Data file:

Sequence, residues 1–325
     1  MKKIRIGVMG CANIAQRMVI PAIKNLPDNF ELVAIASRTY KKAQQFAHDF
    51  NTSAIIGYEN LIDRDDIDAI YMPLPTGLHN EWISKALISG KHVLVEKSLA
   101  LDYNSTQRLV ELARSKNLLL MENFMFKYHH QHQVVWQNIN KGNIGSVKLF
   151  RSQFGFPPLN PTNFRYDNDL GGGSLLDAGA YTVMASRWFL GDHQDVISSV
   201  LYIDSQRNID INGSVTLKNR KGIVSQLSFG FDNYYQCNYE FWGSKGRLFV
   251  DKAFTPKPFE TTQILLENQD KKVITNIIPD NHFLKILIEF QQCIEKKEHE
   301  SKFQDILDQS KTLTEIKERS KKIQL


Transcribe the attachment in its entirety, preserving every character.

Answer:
Sequence, residues 1–325
     1  MKKIRIGVMG CANIAQRMVI PAIKNLPDNF ELVAIASRTY KKAQQFAHDF
    51  NTSAIIGYEN LIDRDDIDAI YMPLPTGLHN EWISKALISG KHVLVEKSLA
   101  LDYNSTQRLV ELARSKNLLL MENFMFKYHH QHQVVWQNIN KGNIGSVKLF
   151  RSQFGFPPLN PTNFRYDNDL GGGSLLDAGA YTVMASRWFL GDHQDVISSV
   201  LYIDSQRNID INGSVTLKNR KGIVSQLSFG FDNYYQCNYE FWGSKGRLFV
   251  DKAFTPKPFE TTQILLENQD KKVITNIIPD NHFLKILIEF QQCIEKKEHE
   301  SKFQDILDQS KTLTEIKERS KKIQL